Abel Avellan wants to connect your mobile phone to space

In the not-so-distant future, Rakuten Mobile users could be connecting directly to space.

To coincide with the official reveal of Rakuten Mobile launch plans for April, Rakuten also announced its investment in space cellular broadband network startup AST & Science. The company is in the process of launching a revolutionary cellular network called SpaceMobile a constellation of low-Earth-orbit satellites that will bring connectivity directly to smartphones on the ground, without the need for special hardware or terrestrial base stations.

Rakuten Today sat down with AST & Science founder and CEO Abel Avellan to learn more about how the technology could revolutionize connectivity in the near future.

Let’s start with a bit of background. Where are you from and what do you do?

I’m originally from Venezuela but I’ve been in the U.S. for around 30 years, where I’m a citizen.

I’ve been in the satellite business all my life, basically! I’m an engineer, I love to build things. This is what I do — connect people around the world through satellites.

How did you begin your career?

I had the opportunity to work connecting embassies in Africa, installing antennas and setting up networks. It really exposed me to the continent, a place that’s now very close to me, a place that’s changed drastically over the years. It was a firsthand view of what happens when you connect a country to the internet, how that empowers people.

Then I went to Ericsson in Sweden where I was professionally trained in both business and engineering. Finally, I moved to the U.S., where I have been for the last 25 or 26 years.

I worked for many years in a company that specialized in providing connectivity over satellite. One day I realized that I wanted to do something by myself. I set up a company called EMC (Emerging Markets Communications), the focus of which was to connect people and things in remote locations all over the world. That was something that I bootstrapped from just $50,000. We ended up selling it for $550 million.

How was AST & Science born?

AST is my newest child. It was born from an idea to make satellite services something that truly form a daily part of your life. Just like how people today can’t live without GPS, how people get lost just going from their house to the supermarket. You use GPS every day — I wanted to do the same thing for telecommunications.

After I sold EMC, one of my scientists called me up one day about some experiments he was running and some ideas he had, and it was a lightbulb moment for me. We could use satellites in space to connect cell phones without requiring anything on the ground! I knew we had to do it.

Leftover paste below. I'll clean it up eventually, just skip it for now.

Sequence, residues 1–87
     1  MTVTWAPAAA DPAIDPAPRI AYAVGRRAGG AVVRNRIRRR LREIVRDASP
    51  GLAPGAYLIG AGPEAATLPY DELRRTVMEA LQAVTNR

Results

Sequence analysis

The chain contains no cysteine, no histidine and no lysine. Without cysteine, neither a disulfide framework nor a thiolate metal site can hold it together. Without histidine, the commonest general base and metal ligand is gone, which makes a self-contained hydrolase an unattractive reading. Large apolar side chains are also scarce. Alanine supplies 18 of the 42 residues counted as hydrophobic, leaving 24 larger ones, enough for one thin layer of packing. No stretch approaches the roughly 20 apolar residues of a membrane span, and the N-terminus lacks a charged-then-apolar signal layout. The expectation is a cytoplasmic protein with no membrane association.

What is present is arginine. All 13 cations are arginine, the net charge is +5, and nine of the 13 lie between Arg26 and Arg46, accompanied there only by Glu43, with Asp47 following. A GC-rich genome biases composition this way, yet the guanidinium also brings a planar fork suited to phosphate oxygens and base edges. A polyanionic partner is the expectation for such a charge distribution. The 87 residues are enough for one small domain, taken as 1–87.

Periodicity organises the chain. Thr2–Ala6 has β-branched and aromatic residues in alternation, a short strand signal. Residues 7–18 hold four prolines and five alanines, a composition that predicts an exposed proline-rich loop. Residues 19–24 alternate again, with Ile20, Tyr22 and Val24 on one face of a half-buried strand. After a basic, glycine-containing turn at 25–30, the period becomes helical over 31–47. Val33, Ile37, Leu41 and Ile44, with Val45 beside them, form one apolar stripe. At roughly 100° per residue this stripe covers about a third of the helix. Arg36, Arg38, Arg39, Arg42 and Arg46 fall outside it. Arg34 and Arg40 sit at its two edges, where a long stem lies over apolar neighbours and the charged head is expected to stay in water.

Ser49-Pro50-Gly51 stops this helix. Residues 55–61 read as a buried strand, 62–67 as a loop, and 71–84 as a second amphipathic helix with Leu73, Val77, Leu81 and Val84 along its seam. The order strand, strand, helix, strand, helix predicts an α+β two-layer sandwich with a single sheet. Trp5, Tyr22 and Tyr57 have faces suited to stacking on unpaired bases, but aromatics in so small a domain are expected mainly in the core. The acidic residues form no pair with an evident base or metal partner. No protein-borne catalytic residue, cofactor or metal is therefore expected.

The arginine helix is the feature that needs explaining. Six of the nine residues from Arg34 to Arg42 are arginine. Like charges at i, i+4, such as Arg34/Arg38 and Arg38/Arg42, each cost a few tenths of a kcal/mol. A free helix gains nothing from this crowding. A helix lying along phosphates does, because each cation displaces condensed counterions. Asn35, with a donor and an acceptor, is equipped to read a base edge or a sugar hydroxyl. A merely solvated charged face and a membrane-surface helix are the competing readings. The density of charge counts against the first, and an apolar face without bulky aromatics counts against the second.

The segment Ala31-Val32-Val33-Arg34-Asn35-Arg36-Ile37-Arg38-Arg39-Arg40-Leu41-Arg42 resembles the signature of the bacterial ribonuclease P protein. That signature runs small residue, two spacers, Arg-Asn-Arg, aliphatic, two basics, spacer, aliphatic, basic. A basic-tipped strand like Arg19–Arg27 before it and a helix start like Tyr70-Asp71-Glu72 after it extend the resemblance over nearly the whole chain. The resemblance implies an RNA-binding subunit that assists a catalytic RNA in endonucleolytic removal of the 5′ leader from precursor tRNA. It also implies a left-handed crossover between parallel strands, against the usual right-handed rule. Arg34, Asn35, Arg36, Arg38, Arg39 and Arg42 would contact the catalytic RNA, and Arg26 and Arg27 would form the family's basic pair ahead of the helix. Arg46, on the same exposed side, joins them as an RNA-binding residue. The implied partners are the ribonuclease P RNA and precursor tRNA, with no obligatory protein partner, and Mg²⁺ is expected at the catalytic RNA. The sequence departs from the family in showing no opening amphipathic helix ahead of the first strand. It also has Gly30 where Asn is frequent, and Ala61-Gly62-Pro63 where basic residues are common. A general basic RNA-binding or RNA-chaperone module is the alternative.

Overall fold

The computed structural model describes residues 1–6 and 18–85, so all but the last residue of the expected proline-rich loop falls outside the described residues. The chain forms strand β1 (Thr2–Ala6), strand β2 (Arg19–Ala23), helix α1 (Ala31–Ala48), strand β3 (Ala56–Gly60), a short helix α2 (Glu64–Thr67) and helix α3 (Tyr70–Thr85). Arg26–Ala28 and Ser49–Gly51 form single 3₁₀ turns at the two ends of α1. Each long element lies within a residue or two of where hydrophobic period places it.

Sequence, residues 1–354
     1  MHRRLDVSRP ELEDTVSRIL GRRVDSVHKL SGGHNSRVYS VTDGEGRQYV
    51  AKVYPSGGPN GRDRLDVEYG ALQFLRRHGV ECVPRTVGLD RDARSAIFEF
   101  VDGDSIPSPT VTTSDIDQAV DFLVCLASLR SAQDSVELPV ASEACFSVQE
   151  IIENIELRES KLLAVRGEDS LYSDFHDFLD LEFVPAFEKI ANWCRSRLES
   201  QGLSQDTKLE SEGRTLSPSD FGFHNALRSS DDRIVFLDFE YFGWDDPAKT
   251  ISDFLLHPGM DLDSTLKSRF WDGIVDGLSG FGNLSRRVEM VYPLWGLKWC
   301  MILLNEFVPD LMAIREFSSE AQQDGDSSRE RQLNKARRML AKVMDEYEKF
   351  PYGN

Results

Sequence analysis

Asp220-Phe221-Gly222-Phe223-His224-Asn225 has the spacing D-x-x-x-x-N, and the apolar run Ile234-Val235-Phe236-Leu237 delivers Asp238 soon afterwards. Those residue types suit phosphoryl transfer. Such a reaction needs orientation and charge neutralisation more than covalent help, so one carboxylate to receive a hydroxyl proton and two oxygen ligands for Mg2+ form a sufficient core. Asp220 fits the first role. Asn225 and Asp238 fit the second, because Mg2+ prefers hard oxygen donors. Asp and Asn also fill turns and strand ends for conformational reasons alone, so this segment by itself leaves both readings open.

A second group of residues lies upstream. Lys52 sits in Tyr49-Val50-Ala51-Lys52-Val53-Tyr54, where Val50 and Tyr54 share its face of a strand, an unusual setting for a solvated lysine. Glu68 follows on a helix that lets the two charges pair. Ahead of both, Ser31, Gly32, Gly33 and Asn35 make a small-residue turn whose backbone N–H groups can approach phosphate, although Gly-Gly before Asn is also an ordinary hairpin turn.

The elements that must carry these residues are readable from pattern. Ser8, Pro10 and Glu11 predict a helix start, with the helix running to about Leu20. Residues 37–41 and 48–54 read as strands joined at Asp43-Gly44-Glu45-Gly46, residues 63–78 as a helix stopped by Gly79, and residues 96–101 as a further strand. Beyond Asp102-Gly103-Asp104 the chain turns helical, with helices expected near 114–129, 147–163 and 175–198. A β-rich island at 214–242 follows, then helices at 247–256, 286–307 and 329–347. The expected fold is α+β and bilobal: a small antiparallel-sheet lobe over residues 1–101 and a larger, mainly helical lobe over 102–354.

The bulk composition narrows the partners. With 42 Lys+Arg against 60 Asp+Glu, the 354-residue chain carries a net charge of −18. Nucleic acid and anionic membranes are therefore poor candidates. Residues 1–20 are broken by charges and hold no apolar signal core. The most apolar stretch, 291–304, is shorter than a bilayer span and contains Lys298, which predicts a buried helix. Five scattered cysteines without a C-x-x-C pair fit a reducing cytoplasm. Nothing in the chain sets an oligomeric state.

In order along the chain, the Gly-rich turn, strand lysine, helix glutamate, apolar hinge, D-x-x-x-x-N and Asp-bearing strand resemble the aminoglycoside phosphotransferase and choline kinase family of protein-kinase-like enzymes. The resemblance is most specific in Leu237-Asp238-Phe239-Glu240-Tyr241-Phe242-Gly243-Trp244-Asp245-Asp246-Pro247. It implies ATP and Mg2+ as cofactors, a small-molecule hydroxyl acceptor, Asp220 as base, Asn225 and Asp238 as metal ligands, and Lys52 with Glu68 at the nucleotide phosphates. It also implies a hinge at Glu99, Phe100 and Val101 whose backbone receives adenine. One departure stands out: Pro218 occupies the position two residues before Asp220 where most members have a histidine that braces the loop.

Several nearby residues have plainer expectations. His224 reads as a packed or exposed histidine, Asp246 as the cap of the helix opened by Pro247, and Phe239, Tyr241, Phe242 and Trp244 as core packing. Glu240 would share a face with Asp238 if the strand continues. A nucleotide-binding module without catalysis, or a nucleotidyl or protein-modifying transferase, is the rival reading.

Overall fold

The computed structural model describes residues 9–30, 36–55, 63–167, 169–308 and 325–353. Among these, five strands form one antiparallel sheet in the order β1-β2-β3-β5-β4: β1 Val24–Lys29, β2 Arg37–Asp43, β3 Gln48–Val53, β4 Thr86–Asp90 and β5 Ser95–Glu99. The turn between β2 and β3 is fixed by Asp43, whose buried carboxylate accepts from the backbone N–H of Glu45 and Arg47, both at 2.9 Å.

When I started to realize how big that was, how transformative that would be for the telecommunications industry, I got fully back into the game. I started hiring back my team, did an acquisition of a small satellite manufacturer that is part of AST today, and started securing the patents.

I’ve been coming and going between the cellular operations industry and the satellite services industry for a long, long time. With this project, I’m merging the two. This is something that has never been done before — there is no system to directly connect regular phones to the internet through satellite. So that’s what we’re doing.

“The concept is really simple: Your phone should work anywhere, no matter what. “

How does SpaceMobile work?

The basic idea is that a regular device can connect directly to space without any infrastructure around it. The only thing that you need to connect is your device, as it is today. No need to change the phone, the hardware or the frequencies — nothing.

The concept is really simple: Your phone should work anywhere, no matter what. Technically, however, it’s extremely challenging. There’s a reason why it’s never been done. I’ve been in the industry for 25 years, and nobody has cracked the code before. There are a multitude of technological barriers to entry, and nobody wanted to put in the time or the effort.

It requires the willingness to think differently. The good news is that we have actually solved the issue. We launched Bluewalker 1 in April last year, and we have been demonstrating the technology since.

Does this eliminate the need for ground infrastructure?

We don’t see it exactly like that — it’s more about whether or not the infrastructure exists in the first place.

SpaceMobile is designed for places with a lower population density. This is not really meant to be the primary means of communication in downtown Tokyo, for example. Although it does have the ability to take over in highly populated areas during emergencies or special situations, so if the connectivity in Tokyo is lost for whatever reason, our network can take over. No matter what’s happening on the ground, our infrastructure is in space. Losing phone service for days or weeks or months after a natural disaster will be a thing of the past when we are in the air.